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Chipping Away Your Privacy

“The future is here. It’s just not widely distributed yet.” - William Gibson

January 15, 2008
by Rob Lafferty

If your passport is less than one year old, the future has certainly arrived for you. Implanted in all US passports after October of 2006 is a tiny radio frequency identification (RFID) chip that can transmit your name, nationality, sex, date and place of birth along with your digitized photograph. If the improperly named Department of Homeland Security (DHS) has its way – and it probably will – that data will soon include fingerprints and iris scans as well.

Unless a rising wave of discontent from individual states prevails, your driver's license in the future will hold much of the same information. On March 9, 2007, DHS announced “minimum standards for State-issued driver’s licenses and identification cards that Federal agencies would accept for official purposes after May 11, 2008, in accordance with the REAL ID Act of 2005. The law requires the use of a REAL ID for Federal purposes such as accessing Federal facilities, boarding Federally-regulated commercial aircraft, or entering nuclear power plants. "

That's not all the folks at DHS have in mind for their digital monitoring system. Once the law takes effect, Americans will need a REAL ID not just to travel on an airplane, but also to open a bank account, collect Social Security payments or make use of almost any federal government service. DHS also insists that all Americans who use a driver's license or state ID card must apply for a REAL ID by 2013.

DHS doesn't actually have the authority to create a national identification system. That was spelled out in 2004 by then-DHS Secretary Tom Ridge, who stated, “The legislation that created the Department of Homeland Security was very specific on the question of a national ID card. They said there will be no national ID card.”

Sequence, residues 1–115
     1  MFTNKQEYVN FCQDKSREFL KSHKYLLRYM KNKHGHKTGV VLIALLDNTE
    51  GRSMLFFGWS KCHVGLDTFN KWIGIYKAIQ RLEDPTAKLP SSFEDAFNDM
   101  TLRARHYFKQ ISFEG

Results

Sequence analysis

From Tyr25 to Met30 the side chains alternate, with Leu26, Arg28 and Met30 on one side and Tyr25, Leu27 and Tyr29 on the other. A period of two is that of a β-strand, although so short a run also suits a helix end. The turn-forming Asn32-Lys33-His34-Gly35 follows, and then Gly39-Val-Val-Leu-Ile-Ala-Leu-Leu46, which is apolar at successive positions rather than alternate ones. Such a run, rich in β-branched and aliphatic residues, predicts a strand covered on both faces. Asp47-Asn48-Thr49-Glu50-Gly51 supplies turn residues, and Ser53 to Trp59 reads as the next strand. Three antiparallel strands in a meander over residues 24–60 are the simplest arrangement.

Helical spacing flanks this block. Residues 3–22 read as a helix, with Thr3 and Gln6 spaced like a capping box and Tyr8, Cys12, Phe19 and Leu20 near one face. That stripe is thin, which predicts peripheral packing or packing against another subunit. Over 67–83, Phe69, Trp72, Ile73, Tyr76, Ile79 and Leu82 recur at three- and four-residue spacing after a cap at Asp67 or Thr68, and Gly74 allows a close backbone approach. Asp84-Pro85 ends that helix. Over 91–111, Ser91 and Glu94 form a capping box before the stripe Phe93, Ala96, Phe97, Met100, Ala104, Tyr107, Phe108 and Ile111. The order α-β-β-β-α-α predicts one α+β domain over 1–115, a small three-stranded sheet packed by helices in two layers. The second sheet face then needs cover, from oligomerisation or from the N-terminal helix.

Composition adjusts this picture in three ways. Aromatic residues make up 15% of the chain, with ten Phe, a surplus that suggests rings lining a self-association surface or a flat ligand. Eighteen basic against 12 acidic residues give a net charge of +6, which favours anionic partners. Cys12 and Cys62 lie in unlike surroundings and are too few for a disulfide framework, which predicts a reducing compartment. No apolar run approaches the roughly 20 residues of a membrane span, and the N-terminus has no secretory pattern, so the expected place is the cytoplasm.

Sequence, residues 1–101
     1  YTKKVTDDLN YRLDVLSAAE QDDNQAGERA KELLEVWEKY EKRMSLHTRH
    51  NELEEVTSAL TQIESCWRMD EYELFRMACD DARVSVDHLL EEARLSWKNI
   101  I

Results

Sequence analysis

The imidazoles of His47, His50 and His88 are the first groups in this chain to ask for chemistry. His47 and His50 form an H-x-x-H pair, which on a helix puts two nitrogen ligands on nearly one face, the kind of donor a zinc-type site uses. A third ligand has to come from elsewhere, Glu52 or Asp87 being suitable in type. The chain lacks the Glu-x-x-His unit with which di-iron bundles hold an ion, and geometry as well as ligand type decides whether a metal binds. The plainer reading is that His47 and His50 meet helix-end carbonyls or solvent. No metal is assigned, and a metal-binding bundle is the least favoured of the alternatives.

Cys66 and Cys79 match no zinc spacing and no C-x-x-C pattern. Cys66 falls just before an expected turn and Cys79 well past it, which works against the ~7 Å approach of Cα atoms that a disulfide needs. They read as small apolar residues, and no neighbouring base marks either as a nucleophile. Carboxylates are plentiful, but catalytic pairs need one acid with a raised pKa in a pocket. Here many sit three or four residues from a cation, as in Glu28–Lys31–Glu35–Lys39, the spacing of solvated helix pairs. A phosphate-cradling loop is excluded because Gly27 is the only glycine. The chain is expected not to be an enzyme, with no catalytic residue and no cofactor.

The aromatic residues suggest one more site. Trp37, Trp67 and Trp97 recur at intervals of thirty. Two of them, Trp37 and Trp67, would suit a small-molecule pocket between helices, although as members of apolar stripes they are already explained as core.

The agency has avoided that restriction by insisting that each state develop their own cards according to federal guidelines. Applicants will need to bring a photo ID, birth certificate, proof of Social Security number and proof of residence to the local office of their state's Dept. of Motor Vehicles to obtain a card. Each state must maintain their own databases to store that information and make it instantly available to other states and federal agencies.

If you live in the state of Washington, that future has arrived for you, too, as officials there will issue the first "enhanced drivers license" (EDL) this month. The residents of New York, Arizona and Vermont will soon join them; those states all agreed earlier this month to comply with the new DHS "Western Hemisphere Travel Initiative" that requires either a passport or an EDL for all Americans who travel into Canada and Mexico.

According the DHS, "Enhanced drivers licenses will make it quicker and easier to cross the border back into the United States because they will contain a vicinity RFID chip that will signal a computer to pull up your biographic and biometric data for the officer as you pull up to the border, and a Machine Readable Zone or barcode that the officer can read electronically if RFID isn't available."

The agency goes on to state: "No personally identifiable information will be stored on the card's RFID chip or be transmitted by the card. The card will use a unique identification number that will link to information contained in a secure database. This number will not contain any personal information. When you get an EDL you will also receive information on how to use, carry and protect your license, and a shielded container that will prevent anyone from reading your license."